MusicNOW has presented some ambitious concerts during its 20-year history. The esteemed Arditti Quartet kicked off the CSO’s contemporary chamber series in December 1998 with music of Charles Ives, Elliott Carter and Conlon Nancarrow. In 2002, composer Pierre Boulez conducted one of his own works channeled through eight loudspeakers surrounding the audience in Orchestra Hall. MusicNOW audiences have heard scores of world premieres and works new to Chicago.

On April 2, however, the series presents its most ambitious project to date, according to the CSO’s Mead composers-in-residence, Elizabeth Ogonek and Samuel Adams. The third concert in MusicNOW’s 20th anniversary season will feature a world premiere, Savior, an evening-length piece by Chicago-area native Amy Beth Kirsten, inspired by the life of Joan of Arc. Described as a “vocal and instrumental theater work,” it will include three singers from HOWL, Kirsten’s vocal theatre ensemble. Chicago actor Sandy Smillie, whose credits range from the movie “The Dark Knight” to the TV series “Chicago Fire,” will be heard on pre-recorded tape as The Chronicler, providing commentary as the action unfolds.

Outfitted in an elaborate mask, virtuoso flutist Tim Munro may roam the stage while playing his instrument. CSO cellist Katinka Kleijn and principal percussionist Cynthia Yeh complete the ensemble. Approximately 65 minutes long, the piece has 11 scenes and no intermission. Savior is Kirsten’s latest work exploiting the ways that classical musicians can become highly theatrical performers. The New York Times has described her work as “dark, wild and engrossing … wondrously eclectic.”

Carl Theodor Dreyer’s silent “The Passion of Joan of Arc” (1928), with Falconetti in the title role, inspired Savior by composer Amy Beth Kirsten. MusicNOW will present the world premiere of Savior on April 2 at the Harris Theater.

Now based in New Haven, Conn., Kirsten moved with her family between the suburbs of Chicago and Kansas City while growing up. Supporting herself with assorted day jobs, she spent 10 years as a pop singer-songwriter in Chicago before she decided to study music composition seriously. In 2002, she began graduate studies at Roosevelt University and earned a doctorate in music from the Peabody Institute in Baltimore.

“Before I got into the program [at Roosevelt], I had this sort of secret desire to learn how to make really cool arrangements of all these pop songs I had been writing,” Kirsten said. “I wanted to learn about orchestral instruments and make some really intricate arrangements.” She also had a taste of theater, working occasionally as a sound designer for off-Loop theater companies.

A 20th-century music history course and a performance by the International Contemporary Ensemble caused a radical shift in her career. She saw ICE, a fiercely innovative chamber group, perform two works by living composers: George Crumb’s Song of the Whale and Peter Maxwell Davies’ Eight Songs for a Mad King. Claire Chase, the solo flutist, sometimes moved around the stage as she played. The musicians wore masks in the Crumb piece and Davies’ Eight Songs incorporated theatrical elements.

“All I knew about classical music at that point was playing piano starting in sixth grade,” Kirsten said. “I didn’t really understand that composers were still living and working. When I saw what could be done with classical music, it was a huge transformation, a shift in thinking for me. I did a sharp turn. I moved away from pop music.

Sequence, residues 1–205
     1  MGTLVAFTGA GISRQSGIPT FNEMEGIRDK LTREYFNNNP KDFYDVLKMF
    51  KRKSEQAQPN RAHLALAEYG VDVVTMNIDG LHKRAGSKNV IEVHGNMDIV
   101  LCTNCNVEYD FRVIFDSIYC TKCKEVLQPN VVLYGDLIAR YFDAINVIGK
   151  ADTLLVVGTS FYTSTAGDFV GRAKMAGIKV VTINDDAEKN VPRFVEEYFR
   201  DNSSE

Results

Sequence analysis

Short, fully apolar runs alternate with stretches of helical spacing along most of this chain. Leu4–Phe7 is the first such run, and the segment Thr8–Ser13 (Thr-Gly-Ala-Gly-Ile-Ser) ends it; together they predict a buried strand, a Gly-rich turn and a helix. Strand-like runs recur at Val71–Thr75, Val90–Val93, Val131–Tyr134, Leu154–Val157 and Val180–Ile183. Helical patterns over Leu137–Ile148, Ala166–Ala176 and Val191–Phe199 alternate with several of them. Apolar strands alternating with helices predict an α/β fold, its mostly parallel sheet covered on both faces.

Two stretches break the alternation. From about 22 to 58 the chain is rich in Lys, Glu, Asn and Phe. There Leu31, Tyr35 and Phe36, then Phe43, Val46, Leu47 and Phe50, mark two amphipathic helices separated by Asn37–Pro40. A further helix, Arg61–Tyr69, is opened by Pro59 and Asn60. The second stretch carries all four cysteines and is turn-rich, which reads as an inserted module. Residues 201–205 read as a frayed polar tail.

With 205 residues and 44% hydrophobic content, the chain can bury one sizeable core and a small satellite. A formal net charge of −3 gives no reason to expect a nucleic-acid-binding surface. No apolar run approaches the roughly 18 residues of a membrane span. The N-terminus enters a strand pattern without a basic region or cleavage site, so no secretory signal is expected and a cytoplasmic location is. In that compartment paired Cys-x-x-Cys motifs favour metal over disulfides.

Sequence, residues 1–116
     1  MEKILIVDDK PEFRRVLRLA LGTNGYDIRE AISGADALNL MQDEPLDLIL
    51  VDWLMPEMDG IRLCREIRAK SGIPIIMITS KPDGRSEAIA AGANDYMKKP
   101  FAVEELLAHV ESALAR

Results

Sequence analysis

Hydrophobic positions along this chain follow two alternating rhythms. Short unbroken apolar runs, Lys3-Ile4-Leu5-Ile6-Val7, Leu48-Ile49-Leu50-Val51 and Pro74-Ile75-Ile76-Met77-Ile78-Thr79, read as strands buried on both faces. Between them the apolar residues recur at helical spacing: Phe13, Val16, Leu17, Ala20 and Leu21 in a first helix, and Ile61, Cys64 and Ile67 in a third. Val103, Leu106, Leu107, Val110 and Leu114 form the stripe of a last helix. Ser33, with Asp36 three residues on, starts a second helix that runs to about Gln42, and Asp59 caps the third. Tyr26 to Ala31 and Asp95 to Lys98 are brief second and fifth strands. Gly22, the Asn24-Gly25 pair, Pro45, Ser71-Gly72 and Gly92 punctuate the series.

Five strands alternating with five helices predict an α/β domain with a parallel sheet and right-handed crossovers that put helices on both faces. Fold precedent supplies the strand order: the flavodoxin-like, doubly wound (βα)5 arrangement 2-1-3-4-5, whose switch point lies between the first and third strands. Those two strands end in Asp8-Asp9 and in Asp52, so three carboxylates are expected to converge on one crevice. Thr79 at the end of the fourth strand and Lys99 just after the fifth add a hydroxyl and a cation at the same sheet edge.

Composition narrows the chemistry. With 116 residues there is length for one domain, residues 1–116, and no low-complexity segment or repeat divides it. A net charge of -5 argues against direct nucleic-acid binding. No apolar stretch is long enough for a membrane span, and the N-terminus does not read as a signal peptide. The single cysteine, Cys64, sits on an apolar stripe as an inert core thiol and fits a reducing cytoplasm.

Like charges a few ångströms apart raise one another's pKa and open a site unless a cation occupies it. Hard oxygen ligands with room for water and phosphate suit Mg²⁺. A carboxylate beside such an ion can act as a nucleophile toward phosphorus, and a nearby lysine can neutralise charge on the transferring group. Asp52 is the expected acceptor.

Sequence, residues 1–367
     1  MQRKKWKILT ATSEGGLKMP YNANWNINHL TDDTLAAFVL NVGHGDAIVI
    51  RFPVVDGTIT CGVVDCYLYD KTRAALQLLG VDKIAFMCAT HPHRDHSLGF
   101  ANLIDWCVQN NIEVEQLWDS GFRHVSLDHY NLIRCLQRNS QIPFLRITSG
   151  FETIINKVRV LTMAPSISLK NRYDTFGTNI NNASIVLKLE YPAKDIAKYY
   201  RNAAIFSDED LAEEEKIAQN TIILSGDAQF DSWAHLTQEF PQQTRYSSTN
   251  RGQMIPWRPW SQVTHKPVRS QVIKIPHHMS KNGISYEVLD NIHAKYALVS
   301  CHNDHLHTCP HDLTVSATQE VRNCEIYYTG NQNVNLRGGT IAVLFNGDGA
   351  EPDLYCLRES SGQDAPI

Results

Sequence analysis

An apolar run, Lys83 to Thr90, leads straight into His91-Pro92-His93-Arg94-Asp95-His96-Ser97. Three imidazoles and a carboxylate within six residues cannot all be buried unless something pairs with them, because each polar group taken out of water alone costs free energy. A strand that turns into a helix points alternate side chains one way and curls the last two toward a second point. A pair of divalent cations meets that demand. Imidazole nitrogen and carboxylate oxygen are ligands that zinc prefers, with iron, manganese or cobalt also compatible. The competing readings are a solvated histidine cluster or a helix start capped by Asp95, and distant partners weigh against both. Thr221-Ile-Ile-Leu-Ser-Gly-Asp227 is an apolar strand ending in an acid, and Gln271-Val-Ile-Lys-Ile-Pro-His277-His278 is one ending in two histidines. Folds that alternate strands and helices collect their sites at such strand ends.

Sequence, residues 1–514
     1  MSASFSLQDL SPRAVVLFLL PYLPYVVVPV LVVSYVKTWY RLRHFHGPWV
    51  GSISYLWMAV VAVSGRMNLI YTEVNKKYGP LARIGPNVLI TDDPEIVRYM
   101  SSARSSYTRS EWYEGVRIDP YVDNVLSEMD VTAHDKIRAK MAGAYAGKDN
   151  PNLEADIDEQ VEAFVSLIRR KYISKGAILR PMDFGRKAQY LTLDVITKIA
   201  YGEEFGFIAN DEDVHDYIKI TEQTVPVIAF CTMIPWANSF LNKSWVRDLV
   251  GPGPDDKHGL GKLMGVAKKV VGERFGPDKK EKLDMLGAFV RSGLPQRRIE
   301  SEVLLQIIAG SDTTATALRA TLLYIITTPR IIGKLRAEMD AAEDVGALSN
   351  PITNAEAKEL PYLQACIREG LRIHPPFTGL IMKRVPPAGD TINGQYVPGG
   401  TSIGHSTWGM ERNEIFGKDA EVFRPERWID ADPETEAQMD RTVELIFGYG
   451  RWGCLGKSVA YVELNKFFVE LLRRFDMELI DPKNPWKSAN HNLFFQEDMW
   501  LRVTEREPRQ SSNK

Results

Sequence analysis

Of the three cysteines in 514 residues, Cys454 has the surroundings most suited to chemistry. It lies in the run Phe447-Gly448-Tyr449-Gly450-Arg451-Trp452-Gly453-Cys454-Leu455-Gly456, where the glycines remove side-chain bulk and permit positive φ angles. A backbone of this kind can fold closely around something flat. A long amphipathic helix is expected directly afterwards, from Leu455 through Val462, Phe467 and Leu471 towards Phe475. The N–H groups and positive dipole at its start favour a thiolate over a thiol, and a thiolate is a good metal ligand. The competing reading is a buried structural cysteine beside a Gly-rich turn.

“I love the idea that musical performance is happening always within the artifice of the theater,” she said. “When you enter a concert hall, you are taken into another world. It’s not reality. To me, it’s very interesting to see how the two worlds [music and theater] can connect and influence each other. And to do it in a way so that theater isn’t something that’s applied to a piece that’s already written. I love developing the music and the movement for a piece simultaneously. It is so inspiring when the theatrical elements become part of the musical language itself.”

Kirsten’s husband, composer Christopher Theofanidis, suggested she write a work about Joan of Arc. “Joan has been in the back of my mind for several years,” Kirsten said. “My husband and I went through a phase about five years ago when we were watching old films. We came across Carl Dreyer’s silent movie, ‘The Passion of Joan of Arc’ from 1928, which was so iconic. My husband sometimes drops little hints, and he said to me, ‘You should write something about Joan.’ And I said, ‘You’re right! I should write something about Joan.’ He knows me very well.”

Kirsten teaches composition at Longy School of Music at Bard College, and her work has been performed by leading groups such as American Composers Orchestra and the New World Symphony. In 2014-15, the Chicago-based ensemble eighth blackbird commissioned a new piece from Kirsten, Colombine’s Paradise Theatre, which was inspired by 17th century Italian commedia dell’arte. Eighth blackbird performed it at sold-out concerts at Chicago’s Museum of Contemporary Art and in New York.

Kirsten will discuss Savior with Samuel Adams and Elizabeth Ogonek before the performance. The talk, at 6 p.m. in the Harris Theater’s Lobby Level I, is free and open to all ticket holders. Savior was commissioned by the Virginia B. Toulmin Foundation for MusicNOW.

Wynne Delacoma, classical music critic for the Chicago Sun-Times from 1991 to 2006, is a Chicago-based arts journalist and lecturer.

VIDEO: Amy Beth Kirsten discusses the roots of Savior during an interview conducted at her New Haven, Conn., studio. Video captured and edited by Samantha London.